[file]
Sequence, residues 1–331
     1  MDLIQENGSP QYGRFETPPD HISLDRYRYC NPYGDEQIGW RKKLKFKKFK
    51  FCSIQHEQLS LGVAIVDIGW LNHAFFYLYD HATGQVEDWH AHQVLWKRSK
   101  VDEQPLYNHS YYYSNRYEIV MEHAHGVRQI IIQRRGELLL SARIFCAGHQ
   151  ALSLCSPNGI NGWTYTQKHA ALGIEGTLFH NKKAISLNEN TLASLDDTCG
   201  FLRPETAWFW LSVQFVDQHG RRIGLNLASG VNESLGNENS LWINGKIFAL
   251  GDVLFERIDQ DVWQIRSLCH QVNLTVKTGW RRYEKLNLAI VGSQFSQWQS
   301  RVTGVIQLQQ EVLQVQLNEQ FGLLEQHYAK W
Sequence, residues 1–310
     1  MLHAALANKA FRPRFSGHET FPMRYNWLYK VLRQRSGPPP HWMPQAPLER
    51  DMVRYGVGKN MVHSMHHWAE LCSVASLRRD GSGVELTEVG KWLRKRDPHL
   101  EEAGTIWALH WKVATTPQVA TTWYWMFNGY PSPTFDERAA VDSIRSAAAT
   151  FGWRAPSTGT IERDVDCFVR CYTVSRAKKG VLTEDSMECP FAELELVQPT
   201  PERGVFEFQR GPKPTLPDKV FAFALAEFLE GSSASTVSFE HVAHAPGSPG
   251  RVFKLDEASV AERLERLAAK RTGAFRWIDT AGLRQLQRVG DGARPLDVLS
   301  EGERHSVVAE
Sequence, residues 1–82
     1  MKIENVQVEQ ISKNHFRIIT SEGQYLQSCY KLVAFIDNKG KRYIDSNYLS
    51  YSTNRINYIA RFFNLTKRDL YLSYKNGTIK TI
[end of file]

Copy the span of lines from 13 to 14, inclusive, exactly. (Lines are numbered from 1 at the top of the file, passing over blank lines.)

   151  FGWRAPSTGT IERDVDCFVR CYTVSRAKKG VLTEDSMECP FAELELVQPT
   201  PERGVFEFQR GPKPTLPDKV FAFALAEFLE GSSASTVSFE HVAHAPGSPG